Make sure you are on the channel designated for your assignment. If you are a judge or in-gate person working the same ring together, it is vital to communicate that you are on the same channel (obvious right? but you’d be surprised). Also while in the office please feel free to introduce yourself to the people you may be talking to over the course of the show. It’s always good to put a face to a voice/name. Before you leave the office, it’s okay ask someone what channel you should be on. Otherwise you may be talking to yourself…or everyone in the barns. This would also be a good time, as safety is really paramount, to ask if there is an EMT for a show and if so what channel are they on. As a judge/in-gate person, you are often one of the first people to see the need of emergency staff.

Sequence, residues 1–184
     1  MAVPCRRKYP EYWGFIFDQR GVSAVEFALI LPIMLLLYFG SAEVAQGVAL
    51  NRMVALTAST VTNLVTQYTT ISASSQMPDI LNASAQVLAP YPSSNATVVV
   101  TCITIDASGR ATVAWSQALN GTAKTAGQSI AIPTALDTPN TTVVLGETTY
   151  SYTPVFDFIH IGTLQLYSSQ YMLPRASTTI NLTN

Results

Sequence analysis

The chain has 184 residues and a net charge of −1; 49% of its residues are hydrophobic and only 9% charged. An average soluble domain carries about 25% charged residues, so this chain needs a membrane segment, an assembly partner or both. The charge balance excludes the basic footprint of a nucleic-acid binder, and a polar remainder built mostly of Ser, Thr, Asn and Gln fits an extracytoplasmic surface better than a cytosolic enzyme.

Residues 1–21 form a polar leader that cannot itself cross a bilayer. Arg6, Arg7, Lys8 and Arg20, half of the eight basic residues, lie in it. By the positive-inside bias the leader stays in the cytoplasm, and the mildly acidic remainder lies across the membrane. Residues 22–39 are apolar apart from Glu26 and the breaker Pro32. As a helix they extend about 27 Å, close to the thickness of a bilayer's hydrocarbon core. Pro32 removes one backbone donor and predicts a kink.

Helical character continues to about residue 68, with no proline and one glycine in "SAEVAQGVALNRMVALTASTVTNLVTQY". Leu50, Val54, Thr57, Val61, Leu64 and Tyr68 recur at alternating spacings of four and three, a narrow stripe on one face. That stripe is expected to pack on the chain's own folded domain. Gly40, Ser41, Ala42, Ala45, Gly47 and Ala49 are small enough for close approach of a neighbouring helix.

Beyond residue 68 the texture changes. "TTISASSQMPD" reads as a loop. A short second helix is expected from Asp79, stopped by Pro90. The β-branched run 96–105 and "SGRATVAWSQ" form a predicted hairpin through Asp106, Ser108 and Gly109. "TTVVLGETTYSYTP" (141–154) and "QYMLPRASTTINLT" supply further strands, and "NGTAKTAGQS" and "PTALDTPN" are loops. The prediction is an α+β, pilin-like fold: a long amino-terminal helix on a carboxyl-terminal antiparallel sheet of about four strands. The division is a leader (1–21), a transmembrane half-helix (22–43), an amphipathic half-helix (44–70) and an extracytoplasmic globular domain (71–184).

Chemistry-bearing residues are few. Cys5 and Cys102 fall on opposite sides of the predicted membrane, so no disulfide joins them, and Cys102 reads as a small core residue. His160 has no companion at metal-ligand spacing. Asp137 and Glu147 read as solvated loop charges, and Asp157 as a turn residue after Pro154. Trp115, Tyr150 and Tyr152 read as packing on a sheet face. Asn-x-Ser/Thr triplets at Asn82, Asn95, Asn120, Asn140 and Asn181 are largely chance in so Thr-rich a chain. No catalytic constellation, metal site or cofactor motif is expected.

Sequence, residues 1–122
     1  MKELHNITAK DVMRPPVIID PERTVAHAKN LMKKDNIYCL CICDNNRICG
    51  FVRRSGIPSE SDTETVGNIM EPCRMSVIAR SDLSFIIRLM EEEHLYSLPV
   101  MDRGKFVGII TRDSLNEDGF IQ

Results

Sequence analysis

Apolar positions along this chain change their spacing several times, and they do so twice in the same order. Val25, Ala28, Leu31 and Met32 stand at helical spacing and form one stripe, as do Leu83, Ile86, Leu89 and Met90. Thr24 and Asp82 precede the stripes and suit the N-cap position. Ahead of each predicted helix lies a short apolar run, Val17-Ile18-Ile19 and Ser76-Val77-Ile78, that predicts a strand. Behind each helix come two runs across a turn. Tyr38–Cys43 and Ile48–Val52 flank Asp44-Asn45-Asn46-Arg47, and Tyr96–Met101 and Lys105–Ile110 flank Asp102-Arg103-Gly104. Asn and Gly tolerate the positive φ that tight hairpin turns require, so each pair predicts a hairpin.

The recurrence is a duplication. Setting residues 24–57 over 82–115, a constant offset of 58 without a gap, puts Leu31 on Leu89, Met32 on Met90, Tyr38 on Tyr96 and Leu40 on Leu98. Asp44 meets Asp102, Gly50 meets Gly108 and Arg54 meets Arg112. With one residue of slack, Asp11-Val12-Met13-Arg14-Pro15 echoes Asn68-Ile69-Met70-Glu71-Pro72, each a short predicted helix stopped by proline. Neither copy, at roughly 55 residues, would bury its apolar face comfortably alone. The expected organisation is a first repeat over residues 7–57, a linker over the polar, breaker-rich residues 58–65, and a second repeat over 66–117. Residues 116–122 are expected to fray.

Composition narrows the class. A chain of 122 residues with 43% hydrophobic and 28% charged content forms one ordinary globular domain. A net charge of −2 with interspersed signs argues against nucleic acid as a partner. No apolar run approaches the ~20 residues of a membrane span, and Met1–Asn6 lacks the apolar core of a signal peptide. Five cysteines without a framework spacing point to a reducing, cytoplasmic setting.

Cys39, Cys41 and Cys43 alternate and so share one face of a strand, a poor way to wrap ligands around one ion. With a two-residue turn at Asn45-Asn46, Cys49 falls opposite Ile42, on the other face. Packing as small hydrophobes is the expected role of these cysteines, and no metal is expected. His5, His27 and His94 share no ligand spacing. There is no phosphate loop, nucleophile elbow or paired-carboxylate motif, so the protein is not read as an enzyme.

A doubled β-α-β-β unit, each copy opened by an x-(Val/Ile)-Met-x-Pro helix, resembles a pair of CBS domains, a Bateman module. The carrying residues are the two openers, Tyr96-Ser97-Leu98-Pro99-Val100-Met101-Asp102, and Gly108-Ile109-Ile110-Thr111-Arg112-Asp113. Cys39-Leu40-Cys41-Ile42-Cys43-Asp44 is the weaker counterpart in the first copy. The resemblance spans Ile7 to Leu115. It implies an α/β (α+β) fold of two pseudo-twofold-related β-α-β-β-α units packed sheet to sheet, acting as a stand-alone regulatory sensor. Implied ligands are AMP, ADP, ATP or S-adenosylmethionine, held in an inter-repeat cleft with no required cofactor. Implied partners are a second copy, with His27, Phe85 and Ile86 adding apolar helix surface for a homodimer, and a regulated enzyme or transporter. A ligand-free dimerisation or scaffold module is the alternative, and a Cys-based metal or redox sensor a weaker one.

On every radio there is a Push to Talk (PTT) button, almost always it is on the left side of the radio as you look down at the speaker (the speaker is always opposite of the belt clip). The PTT button will be on the left and upper part of the radio. It should be a rubber button. It is important to look at the button. Make sure you will be able to find it without looking for it in the future. Sometimes there are other buttons in the vicinity of the PTT button. On some radios there may be a “call” button. This button transmits a series of tones on whatever channel the radio is tuned to. I’m sure you’ve heard this noise if you have ever dealt with these types of radios. If you are pressing this “call” button you are not talking to anyone…just making an annoying racket.
So… how do I use this fangled thing? If you want to talk to someone on this channel, you push the PTT button and talk. Now it’s important to realize you should have the radio 6-8 inches from your mouth for the microphone to “pick-up” and transmit your voice. It does no one any good if you have the radio 2-3 feet away from your mouth as all you are doing is making yourself not able to be heard. You should not hold the PTT button in for any reason but to talk.